Then it was time to say goodbye to Chichi and off to Lago Atitlan. There were only about 90 kilometers to drive, but once again it was a tough ride. The first challenge was maneuvering out of the market town. You really should avoid getting lost, because the wrong road can suddenly become extremely narrow or super steep or, in the worst case, both. Once we had managed that, countless hairpin bends awaited us again. At some point, the area around us disappeared into the fog and this was to be the first harbinger of the days to come. After we had made it down the last 17, particularly narrow, hairpin bends, we arrived at Lago Atitlan.

The lake is described by some as the most beautiful lake in the world. Unfortunately, we could neither confirm nor refute this at first, as we simply couldn’t really see much. We therefore decided to look for our place to stay for the next 3 nights. We ended up at the “Firefly Garden” near Santiago Atitlan. Cheyo and Jonathan gave us a warm welcome to this little paradise. They have created a small community for campers and backpackers with a cabana, pitches, kitchen, shower, etc. In the evening, we sat together around the campfire and roasted marshmallows on a stick.

Firefly Gardens

The “Firefly Garden” is typically one of those places where we feel at home. Amidst the greenery among the many trees where so many bird voices can be heard, it is wonderful to wake up in the morning. We did not do much for another day. At least we did not leave the grounds where, towards dusk, many fireflies could indeed be seen.

By collectivo and ferry connection the next day we went to the other side of the lake. We took the first ferry in the busy town of Santiago de Atitlan to San Pedro. The narrow streets in Santiago were filled on both sides with market stalls with women in traditional dress in between them who had simply laid a rug on the ground to sell their wares that way. Fruit and vegetables, clothing or other basics were displayed.

Today we had resolved to hike a bit along the lake. In San Pedro we transferred to another ferry that took us to Santa Cruz La Laguna which marked the beginning of the hike. We enjoyed a beautiful eight-kilometer hike. The trail went up and down but with always a view of the blue water. What stood out were the sometimes enormous villas built here and there on the steep slopes. We hardly saw any people, but the houses betrayed that there must be life there after all. It is mostly rich Americans and Canadians who are having a good time here and have probably left for the north by now.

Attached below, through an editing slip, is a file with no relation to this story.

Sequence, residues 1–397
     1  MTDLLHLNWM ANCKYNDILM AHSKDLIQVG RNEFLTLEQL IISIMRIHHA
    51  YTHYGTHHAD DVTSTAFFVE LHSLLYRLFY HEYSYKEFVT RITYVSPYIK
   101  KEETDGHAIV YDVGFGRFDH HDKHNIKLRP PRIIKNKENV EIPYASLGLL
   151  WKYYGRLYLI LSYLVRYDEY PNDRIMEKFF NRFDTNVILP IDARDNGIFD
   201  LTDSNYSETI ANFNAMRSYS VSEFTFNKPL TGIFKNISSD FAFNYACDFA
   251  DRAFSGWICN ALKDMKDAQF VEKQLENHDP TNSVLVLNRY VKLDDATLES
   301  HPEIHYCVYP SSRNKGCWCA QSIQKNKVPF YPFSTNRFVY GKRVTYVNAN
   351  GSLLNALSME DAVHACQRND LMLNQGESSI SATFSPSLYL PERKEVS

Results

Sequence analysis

A cloud cover slid by, allowing us only occasional glimpses of the two volcanoes on the other side. So at the end of the afternoon it began to rain as expected. Dry under the roof of the ferry we sailed back via San Pedro to Santiago. The last bit by collectivo to the Firefly Gardens. Here we agreed with Jonathan to climb the mountain behind the property at 7 am the next morning for a hopefully beautiful and clear view of Lago Atitlan.


No sooner said than done, even if we found it a little difficult when the alarm clock rang at 6am. But after all, we had a date. Accompanied by Molly, the Firefly Gardens’ female dog in heat, and two male dogs from the area who followed Molly around every day, we set off on the ascent. The sun was shining and we actually had the best view of the lake yet, even if it still wasn’t clear. After about half an hour, we reached the top of the viewpoint, where we took a breather and chatted a bit about God and the world. From time to time, a few local farmers appeared with their machetes and greeted us all in a friendly manner.


Once we were back, we treated ourselves to a shower and breakfast and said goodbye to Kira, Jonathan, Naomi and Ashraf. Once again, we had met some really great people and had a wonderful time.

Eddy and Romy van Es © 2020, All Rights Reserved.